The Cranberries: Roses
For their first studio album in over a decade, The Cranberries pick up exactly where they left off with 2001’s Wake Up And Smell The Coffee. Which is to say, looking directly back towards the successes of the Irish quartet’s first two full-lengths.
On Coffee, they stripped away the rockier and spacier elements that muddied up mid-period efforts and returned the lilting pop that garnered their best critical notices and chart successes. So, maybe Roses is a tentative step back into the fast-moving streams of the music industry ca. 2012, but it’s at least a solid one.
Key to the success of this album is singer Dolores O’Riordan’s vocal luster, which hasn’t lost an iota of beauty and grace. It helps too that she sticks to an intoxicating breathiness instead of veering into brutish rock antics a la their top 20 U.S. hit “Zombie.” Too, the rest of the band prefers to reside in the background, providing a lush or chiming backdrop for O’Riordan’s visions of love both tender and wicked (listen as she calls out a nasty lothario on the John Barry-inspired “Schizophrenic Playboy”).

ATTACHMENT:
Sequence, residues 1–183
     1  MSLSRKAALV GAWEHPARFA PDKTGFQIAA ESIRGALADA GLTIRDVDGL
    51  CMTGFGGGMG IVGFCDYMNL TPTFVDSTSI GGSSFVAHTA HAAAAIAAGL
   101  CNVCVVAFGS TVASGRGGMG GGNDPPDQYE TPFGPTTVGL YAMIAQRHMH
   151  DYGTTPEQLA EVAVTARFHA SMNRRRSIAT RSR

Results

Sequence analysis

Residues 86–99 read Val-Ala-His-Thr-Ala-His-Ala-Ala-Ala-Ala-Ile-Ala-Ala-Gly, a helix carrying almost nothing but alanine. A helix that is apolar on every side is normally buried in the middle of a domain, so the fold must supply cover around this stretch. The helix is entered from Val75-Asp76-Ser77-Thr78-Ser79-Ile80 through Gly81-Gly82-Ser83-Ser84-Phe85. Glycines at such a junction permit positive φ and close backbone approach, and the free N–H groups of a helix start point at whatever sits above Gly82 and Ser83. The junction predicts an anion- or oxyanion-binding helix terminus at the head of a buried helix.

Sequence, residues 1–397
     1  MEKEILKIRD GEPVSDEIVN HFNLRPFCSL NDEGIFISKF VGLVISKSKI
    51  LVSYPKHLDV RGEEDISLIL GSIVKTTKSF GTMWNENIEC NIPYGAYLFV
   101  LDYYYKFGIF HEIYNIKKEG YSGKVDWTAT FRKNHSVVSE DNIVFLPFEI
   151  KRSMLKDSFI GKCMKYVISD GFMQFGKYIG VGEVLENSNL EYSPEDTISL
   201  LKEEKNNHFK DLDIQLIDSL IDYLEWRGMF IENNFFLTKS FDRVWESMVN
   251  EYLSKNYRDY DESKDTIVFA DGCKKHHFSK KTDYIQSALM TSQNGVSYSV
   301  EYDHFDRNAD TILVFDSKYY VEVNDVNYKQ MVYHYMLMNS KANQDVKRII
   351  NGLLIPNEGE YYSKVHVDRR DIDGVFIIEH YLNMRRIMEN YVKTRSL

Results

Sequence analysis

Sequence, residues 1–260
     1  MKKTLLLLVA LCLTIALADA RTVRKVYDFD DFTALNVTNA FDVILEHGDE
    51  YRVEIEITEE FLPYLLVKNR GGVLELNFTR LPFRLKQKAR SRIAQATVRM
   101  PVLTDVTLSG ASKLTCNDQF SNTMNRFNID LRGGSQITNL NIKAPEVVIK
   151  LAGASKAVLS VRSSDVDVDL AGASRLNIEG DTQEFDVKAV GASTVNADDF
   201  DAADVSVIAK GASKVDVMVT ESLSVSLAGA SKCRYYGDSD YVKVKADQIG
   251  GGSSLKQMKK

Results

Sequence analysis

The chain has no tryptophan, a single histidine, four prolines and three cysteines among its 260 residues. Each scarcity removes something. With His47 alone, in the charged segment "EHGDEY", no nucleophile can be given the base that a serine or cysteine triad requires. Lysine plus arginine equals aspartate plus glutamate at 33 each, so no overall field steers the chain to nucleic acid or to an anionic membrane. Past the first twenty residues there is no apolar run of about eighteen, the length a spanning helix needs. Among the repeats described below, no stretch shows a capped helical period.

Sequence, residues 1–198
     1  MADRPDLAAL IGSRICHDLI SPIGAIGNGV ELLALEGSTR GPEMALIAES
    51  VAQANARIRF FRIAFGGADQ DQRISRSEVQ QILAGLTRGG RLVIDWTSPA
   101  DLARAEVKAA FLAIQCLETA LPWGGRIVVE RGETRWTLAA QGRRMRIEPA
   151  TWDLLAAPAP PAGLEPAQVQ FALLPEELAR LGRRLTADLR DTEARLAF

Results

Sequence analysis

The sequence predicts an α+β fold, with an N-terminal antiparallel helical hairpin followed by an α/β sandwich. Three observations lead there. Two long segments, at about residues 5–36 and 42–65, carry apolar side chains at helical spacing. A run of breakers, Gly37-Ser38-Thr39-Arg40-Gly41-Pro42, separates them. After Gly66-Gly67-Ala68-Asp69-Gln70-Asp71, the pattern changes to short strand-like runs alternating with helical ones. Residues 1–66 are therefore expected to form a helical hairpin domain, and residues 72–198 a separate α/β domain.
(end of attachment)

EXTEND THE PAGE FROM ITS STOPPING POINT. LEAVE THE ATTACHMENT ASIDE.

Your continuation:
Where Roses shines the brightest is via the textures that gild the album’s edges: the mixture of fuzzy and phased out guitar sounds that rope through “Fire & Soul”, the string section that bends and dips along with O’Riordan’s voice on “Waiting in Walthamstow,” and the digital frissons that add tingly ebullience to the title track. In that respect, credit must be shared with the band’s most frequent collaborator, producer Stephen Street. He once again proves himself to be the perfect foil to help The Cranberries sound as sweet and luscious as ever.